In 1985 America was in a state of flux. The economy was changing, as factories closed and moved to places where cheap labor could be had. Ronald Reagan was three months into his second term as President and “greed is good” was the theme on Wall Street.
Horse racing, which had occupied the top rung of the sports ladder in the 1940s, 50s and 60s, was in its second decade of a gradual decline.
By 1985, it had become a niche sport. But, unlike most niche sports, horse racing still had and still has the one big event that captivates America — the Kentucky Derby. TV ratings prove that Derby Day is still part of America’s fabric and soul.
Interest spikes, but it doesn’t last and, by the time the Preakness rolls around, half the audience has vanished.
The 1970s saw three horses — Secretariat (1973), Seattle Slew (1977) and Affirmed (1978) — win Triple Crowns. The 1980s would see no Triple Crowns; neither would the 1990s and 2000s, but, at the time, who knew? There were some great thoroughbreds that roamed race courses in the 1980s. Genuine Risk became the first filly to win the Derby since Regret in 1915 and had she not gotten bumped by Codex in the Preakness, she might have shown up at Belmont with a chance to win the Triple Crown. Winning Colors became the third filly to win in 1988 with Gary Stevens aboard and, yes, it is the same Gary Stevens that still rides today. Alysheba, Ferdinand, Gato del Sol and Swale also come to mind when you bring up 1980s racing.
Because horse racing is not a bread-and-butter sport, those who love it get nervous. Many think that if tweaks are made, Americans will come running back. But the truth is: Americans interests change and change often. The old saying “here today, gone tomorrow” has never been more accurate. Horse racing, to its credit, has managed to hang in there. Like golf, there are four major events that garner attention — the Kentucky Derby, the Preakness, the Belmont and the Breeder’s Cup.
Most fringe sports can’t make that claim.
Many think that a Triple Crown-winning horse will revive interest in the sport. How many times have you heard that if this horse can win the Belmont, it will do wonders for the sport? In 2015, American Pharoah broke the 37-year Triple Crown drought when he ran a sublime Belmont to become 12th Triple Crown winner. He captured our fancy… but it was short-lived.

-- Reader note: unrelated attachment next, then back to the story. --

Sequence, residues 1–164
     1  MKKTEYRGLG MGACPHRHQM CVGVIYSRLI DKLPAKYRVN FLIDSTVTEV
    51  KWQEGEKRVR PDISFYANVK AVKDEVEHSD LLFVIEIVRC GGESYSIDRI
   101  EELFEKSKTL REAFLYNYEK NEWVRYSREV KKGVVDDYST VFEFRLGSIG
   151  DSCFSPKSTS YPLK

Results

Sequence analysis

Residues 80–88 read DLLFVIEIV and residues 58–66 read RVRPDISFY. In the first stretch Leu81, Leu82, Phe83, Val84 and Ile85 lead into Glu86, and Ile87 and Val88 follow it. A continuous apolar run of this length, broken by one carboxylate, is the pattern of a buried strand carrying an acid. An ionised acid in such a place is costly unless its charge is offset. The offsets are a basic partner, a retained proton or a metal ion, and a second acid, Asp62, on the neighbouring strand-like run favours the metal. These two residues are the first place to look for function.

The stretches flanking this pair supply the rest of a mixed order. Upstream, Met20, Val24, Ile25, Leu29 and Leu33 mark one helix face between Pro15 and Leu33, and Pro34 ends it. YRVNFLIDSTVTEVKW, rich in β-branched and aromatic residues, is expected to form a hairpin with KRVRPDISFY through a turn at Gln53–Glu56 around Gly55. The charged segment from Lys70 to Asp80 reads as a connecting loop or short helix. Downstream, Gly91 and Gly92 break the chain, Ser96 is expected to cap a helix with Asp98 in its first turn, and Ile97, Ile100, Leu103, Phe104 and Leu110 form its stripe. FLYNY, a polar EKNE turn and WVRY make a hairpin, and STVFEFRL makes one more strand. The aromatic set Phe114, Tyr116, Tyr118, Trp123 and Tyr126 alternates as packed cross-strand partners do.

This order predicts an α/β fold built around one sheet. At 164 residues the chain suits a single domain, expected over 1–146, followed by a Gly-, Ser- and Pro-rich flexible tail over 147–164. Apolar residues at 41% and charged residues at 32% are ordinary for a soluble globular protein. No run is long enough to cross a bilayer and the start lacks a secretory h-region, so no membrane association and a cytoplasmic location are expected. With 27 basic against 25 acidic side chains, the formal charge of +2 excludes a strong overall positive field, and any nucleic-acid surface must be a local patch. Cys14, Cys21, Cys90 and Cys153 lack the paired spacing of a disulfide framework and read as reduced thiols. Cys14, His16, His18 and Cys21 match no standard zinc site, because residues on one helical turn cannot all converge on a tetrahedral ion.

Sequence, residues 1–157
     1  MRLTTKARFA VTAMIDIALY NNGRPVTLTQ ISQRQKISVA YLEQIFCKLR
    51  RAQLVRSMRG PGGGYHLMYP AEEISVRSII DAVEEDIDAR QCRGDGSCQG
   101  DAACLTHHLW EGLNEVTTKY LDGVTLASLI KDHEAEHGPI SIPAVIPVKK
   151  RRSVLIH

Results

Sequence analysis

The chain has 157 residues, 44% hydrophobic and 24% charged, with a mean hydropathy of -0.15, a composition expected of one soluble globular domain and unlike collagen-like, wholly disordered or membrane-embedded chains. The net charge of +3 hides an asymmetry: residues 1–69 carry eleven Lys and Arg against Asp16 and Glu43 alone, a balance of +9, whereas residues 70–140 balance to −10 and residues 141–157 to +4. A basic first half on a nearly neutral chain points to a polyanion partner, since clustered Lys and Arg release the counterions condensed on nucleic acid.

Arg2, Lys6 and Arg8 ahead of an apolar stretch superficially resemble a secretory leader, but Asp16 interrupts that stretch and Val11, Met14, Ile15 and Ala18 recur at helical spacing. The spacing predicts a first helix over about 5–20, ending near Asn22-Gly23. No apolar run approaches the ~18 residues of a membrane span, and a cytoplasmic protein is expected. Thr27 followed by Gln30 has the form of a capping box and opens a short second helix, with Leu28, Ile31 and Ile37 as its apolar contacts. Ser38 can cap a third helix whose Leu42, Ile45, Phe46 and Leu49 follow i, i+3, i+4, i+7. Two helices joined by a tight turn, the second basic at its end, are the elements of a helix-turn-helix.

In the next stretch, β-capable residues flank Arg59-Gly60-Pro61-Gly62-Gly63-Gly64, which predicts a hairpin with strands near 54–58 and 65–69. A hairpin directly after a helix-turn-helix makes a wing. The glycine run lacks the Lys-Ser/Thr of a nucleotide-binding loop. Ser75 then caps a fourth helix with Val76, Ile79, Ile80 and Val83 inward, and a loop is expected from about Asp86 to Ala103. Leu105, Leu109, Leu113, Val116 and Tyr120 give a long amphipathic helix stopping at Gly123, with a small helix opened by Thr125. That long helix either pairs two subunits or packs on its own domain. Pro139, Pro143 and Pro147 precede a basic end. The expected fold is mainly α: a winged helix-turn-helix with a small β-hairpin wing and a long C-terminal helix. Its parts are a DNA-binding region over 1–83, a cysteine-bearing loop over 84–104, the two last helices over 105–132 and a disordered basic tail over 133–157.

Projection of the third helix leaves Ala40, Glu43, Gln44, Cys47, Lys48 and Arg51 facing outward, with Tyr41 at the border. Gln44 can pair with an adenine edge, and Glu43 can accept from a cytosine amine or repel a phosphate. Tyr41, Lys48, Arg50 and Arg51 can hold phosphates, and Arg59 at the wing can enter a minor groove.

Others think that Triple Crown races should be spread out more to make sure that horses are rested enough to be competitive in all three races. You always hear this when a Funny Cide, Smarty Jones or Big Brown fails in the Belmont Stakes after winning the first two legs.
You also have those who think “new shooters” should be limited or banned from races. This brings back images of Steve Coburn calling the new shooters “cowards” after Tonalist beat his California Chrome in the 2014 Belmont.
In 1985, it had only been seven years since Affirmed became the 11th horse to win the Triple Crown. The panic that would come later had not yet set in, so a field of 13 prepared for the running of the Kentucky Derby.
One of the horses that ran in the ‘85 Derby was Spend A Buck and even though he was bred in Kentucky, his connections to New Jersey forever changed the sport of thoroughbred racing. In early ‘85, the son of Buckaroo began his 3-year old campaign with a third-place finish in the Bay Shore Stakes at Aqueduct.
In those days, the ticket to the Kentucky Derby was through earnings in graded stakes races and, back then, it didn’t matter what the grade was; it was the purse size that mattered. Under this formula, horses could run in races that lacked great competition in order to pick up enough money to get into the field for the Kentucky Derby.
Today, races like the Santa Anita Derby, Blue Grass, Wood Memorial and Arkansas Derby are used for horses to qualify for the Kentucky Derby, with horses picking up valuable points along the way. And while money is important, for the Derby, it’s not as important as getting those points.
Spend A Buck’s connections didn’t worry about points, but they did want the money and they chose the newly reopened Garden State Park Race Track, which had been destroyed by fire in 1977, for his next race on April 6 — the Cherry Hill Mile. The track’s manager was Robert Brennan and, as a way to attract attention for the “new” facility, he offered a $2 million bonus for a horse that could win the Cherry Hill Mile, the Garden State Stakes, the Kentucky Derby and the Jersey Derby. After winning the Cherry Hill Mile, Spend A Buck took the Garden State Stakes on April 20. The Kentucky Derby was two weeks away and Spend A Buck was halfway home to the Jersey Grand Slam and that $2 million bonus.
At the Derby, he was sent off as the second choice at odds of 4-1. Ridden by Hall of Famer Angel Cordero, he went to the front and sawed off quick factions. He drilled the half in 45 and 4/5 seconds and, at the six-furlong mark, had an eight-length lead. In the stretch, it looked like they were closing, but Buck found another gear and pulled away impressively to win by seven lengths.
It was a spine-tingling effort. Not only did he wire the field, but his final time was 2:00 1/5 — at that time, the third-fastest in history behind two legends in Secretariat and “The Great Canadian,” Northern Dancer.
It was a dominant performance and if you haven’t watched it, I implore you to check it out on YouTube. As soon as the race ended, ABC broadcaster Jim McKay had two questions for his viewing audience. The first was “Is Spend A Buck a superhorse?” And the second was “Could he be a Triple Crown winning horse?”
We all know that the Derby winner, if he comes out of the race healthy, heads to Pimlico to occupy Barn 40 in preparation for the Preakness Stakes on the third Saturday in May. In this case, there was a dilemma for the connections of Spend A Buck. Do they pursue Triple Crown glory or do they chase that bonus put forth by Brennan?